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Nonresidential, nonbuilding push construction starts upward

By |  November 23, 2021

Dodge Construction Network logo

Total construction starts pushed 16 percent higher in October to a seasonally adjusted annual rate of $1.01 trillion, according to Dodge Construction Network.

Nonresidential building starts gained 29 percent and nonbuilding moved 52 percent higher in October, while residential starts lost 8 percent.

According to Dodge, the month’s large gains resulted from the start of three large projects: two massive manufacturing plants and an LNG export facility. Without these projects, Dodge says total construction starts would have fallen 6 percent in October.

“Economic growth has resumed following the third quarter’s Delta-led slowdown,” says Richard Branch, chief economist at Dodge Construction Network. “However, the construction sector’s grip on growth remains tenuous.

“Long term, construction starts should improve, fed by an increase of nonresidential building projects in the planning pipeline and the recent passage of the infrastructure bill. Both will provide meaningful support and growth to construction in the year to come. This expectation, however, must be tempered by the significant challenges facing the industry: high prices, shortages of key materials and the continued scarcity of skilled labor. While healing from the pandemic continues, there’s still a long road back to full recovery.”

Nonbuilding construction

Nonbuilding construction starts rose 52 percent in October to a seasonally adjusted annual rate of $268.4 billion, Dodge Construction Network says.

This increase was solely due to the start of an $8.5 billion LNG export facility, which lifted the utility/gas plant category significantly. Still, even without this project, the utility/gas plant category would have registered a strong gain because of the very low level of activity in September.

The public works side of nonbuilding construction was more dismal, Dodge says. Miscellaneous nonbuilding starts fell 43 percent over the month, and highway/bridge and environmental public works starts lost 14 percent and 16 percent, respectively.

On the year, total nonbuilding starts were 2 percent higher through October. Environmental public works were 23 percent higher, and utility/gas plant starts were up 14 percent. At the same time, highway and bridge starts were 7 percent lower, miscellaneous nonbuilding fell 13 percent, and utility/gas plant starts fell 10 percent during the first 10 months of the year.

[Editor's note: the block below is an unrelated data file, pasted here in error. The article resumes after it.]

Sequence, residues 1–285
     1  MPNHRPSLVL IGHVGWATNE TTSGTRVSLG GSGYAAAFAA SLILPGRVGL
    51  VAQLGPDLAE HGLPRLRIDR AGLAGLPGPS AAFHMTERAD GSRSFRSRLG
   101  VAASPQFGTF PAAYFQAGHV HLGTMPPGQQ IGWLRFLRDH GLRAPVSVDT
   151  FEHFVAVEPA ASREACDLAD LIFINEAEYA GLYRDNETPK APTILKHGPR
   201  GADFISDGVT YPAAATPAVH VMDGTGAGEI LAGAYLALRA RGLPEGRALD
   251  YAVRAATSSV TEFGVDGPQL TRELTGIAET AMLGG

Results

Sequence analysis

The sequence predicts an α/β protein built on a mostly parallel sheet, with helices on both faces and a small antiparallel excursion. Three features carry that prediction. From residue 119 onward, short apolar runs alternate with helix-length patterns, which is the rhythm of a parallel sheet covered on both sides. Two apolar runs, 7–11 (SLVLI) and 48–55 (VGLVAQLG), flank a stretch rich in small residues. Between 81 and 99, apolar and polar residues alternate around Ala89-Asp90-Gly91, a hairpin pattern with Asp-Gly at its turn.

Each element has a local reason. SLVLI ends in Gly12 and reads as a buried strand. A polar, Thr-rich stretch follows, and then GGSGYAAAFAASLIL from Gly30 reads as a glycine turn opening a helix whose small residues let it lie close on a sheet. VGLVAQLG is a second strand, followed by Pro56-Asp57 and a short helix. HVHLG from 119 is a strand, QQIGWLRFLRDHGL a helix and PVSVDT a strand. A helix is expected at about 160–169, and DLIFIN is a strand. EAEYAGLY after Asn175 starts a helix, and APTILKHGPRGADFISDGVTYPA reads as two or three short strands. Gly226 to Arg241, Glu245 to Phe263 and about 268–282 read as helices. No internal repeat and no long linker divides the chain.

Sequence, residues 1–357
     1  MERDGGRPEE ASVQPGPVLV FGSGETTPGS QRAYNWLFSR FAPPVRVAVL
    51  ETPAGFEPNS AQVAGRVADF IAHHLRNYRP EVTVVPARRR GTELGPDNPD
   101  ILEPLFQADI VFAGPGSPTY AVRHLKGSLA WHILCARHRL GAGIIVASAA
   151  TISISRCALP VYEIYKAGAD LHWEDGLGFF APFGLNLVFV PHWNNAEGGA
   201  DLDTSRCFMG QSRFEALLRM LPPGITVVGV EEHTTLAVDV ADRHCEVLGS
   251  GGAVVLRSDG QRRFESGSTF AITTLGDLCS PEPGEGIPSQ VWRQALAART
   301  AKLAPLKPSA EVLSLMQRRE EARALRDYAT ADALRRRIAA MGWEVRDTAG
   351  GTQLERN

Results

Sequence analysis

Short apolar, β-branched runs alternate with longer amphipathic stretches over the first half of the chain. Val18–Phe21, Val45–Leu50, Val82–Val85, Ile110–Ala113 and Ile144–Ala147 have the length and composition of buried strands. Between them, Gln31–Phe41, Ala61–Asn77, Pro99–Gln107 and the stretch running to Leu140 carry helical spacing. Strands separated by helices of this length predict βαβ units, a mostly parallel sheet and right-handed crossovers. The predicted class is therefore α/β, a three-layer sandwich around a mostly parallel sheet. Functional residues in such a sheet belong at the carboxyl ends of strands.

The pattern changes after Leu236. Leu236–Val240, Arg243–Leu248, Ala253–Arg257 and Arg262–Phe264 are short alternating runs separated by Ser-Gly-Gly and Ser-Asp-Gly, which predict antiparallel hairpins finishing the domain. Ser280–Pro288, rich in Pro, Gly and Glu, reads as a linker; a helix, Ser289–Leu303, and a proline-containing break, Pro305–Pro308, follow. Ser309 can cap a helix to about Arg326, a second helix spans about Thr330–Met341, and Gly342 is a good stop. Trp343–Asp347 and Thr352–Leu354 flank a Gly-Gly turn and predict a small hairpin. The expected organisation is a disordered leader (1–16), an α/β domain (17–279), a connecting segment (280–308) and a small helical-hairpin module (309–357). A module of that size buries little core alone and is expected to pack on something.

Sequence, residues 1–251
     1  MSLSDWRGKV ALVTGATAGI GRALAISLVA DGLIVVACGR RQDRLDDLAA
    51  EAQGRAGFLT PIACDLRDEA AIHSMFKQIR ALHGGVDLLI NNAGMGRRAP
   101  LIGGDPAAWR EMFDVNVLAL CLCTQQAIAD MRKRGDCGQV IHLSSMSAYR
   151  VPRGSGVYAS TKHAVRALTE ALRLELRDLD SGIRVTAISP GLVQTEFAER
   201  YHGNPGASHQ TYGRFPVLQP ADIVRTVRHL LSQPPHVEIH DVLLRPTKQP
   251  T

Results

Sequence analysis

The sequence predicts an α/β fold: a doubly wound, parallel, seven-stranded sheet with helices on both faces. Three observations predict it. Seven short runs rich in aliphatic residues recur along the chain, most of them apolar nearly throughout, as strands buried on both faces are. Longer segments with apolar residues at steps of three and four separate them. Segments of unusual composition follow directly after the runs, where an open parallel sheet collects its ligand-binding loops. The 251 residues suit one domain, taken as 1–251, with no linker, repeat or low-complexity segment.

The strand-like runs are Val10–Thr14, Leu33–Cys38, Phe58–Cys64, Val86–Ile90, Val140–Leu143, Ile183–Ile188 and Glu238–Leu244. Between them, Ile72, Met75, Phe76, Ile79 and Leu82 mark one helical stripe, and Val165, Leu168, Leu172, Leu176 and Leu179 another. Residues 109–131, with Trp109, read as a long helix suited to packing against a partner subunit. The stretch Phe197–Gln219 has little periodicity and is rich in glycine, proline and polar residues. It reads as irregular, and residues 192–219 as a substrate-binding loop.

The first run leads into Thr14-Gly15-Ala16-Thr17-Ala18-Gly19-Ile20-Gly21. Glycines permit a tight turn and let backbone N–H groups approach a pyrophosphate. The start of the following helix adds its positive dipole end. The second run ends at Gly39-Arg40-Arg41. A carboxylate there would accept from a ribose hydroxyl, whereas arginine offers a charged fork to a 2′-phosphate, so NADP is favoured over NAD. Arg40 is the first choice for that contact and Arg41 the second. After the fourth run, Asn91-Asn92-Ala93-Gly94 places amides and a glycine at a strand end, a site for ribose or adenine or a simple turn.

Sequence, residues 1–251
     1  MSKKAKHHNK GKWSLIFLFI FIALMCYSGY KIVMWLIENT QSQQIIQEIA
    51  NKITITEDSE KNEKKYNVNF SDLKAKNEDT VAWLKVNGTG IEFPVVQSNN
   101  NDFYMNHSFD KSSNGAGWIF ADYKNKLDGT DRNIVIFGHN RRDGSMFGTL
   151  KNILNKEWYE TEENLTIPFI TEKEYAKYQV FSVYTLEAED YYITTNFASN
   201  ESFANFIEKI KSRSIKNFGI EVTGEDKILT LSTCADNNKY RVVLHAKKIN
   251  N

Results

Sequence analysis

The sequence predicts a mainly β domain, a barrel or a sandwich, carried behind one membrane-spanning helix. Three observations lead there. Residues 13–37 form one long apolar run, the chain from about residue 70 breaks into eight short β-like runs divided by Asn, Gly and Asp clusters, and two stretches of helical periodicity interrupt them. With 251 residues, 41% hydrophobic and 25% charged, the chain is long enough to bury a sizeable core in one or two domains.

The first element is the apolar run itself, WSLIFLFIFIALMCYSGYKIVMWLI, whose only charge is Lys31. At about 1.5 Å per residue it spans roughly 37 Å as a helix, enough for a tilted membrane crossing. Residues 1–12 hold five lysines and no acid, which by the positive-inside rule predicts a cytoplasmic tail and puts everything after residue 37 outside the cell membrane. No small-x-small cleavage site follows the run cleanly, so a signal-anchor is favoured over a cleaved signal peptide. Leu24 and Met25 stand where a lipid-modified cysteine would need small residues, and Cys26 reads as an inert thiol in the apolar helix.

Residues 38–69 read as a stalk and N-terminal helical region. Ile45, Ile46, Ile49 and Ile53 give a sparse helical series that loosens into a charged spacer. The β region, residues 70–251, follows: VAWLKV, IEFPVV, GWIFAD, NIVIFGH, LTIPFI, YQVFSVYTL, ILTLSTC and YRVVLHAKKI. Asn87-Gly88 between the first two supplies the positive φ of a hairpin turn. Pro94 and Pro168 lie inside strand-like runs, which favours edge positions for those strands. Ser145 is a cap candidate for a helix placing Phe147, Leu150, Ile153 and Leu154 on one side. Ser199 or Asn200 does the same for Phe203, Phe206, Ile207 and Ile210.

The largest nonbuilding projects to break ground in October were the $8.5 billion Venture Global LNG Export facility in Plaquemines Parish, Louisiana, the $484 million Moses-Adirondack Smart Path 1&2 Lines rebuild project in the Lewis and St. Lawrence counties of New York, and the $454 million RiverRenew tunnel in Alexandria, Virginia. 

Nonresidential building

Nonresidential building starts shot 29 percent higher in October to a seasonally adjusted annual rate of $357.2 billion.

Dodge says the catalyst for the increase was a large gain in the manufacturing sector, as two very large projects kicked off. If not for these projects, total nonresidential building starts would have been down 3 percent over the month.

In October, commercial starts lost 4 percent, with only hotels posting a gain. Institutional starts gained 4 percent, with all categories rising.

In the first 10 months of 2021, nonresidential building starts were 11 percent higher. Commercial starts increased 9 percent, manufacturing starts were 94 percent higher and institutional starts were up 3 percent.

The largest nonresidential building projects to break ground in October were the $6 billion first phase of the Taiwan Semiconductor plant in Phoenix, the $1.3 billion Methanex Methanol plant in Geismar, Louisiana, and the $550 million second phase of the Loews Hotel & Convention Center in Arlington, Texas.

Residential building

Residential building starts fell 8 percent in October to a seasonally adjusted annual rate of $388.6 billion.

According to Dodge, single-family starts gained less than 1 percent while multifamily starts fell 24 percent.

Through the first 10 months of 2021, residential starts were 21 percent higher than in the same period one year ago. Single-family starts gained 22 percent, and multifamily starts grew 10 percent.

The largest multifamily structures to break ground in October were the $286 million first phase of the Archer Towers in Jamaica, New York, the $120 million residential portion of a mixed-use building on 3rd Avenue in Bronx, New York, and the $106 million Su Development Yesler Terrace Housing Block in Seattle.

Kevin Yanik

About the Author:

Kevin Yanik is the editor-in-chief of Pit & Quarry magazine. Yanik can be reached at 216-706-3724 or kyanik@northcoastmedia.net.

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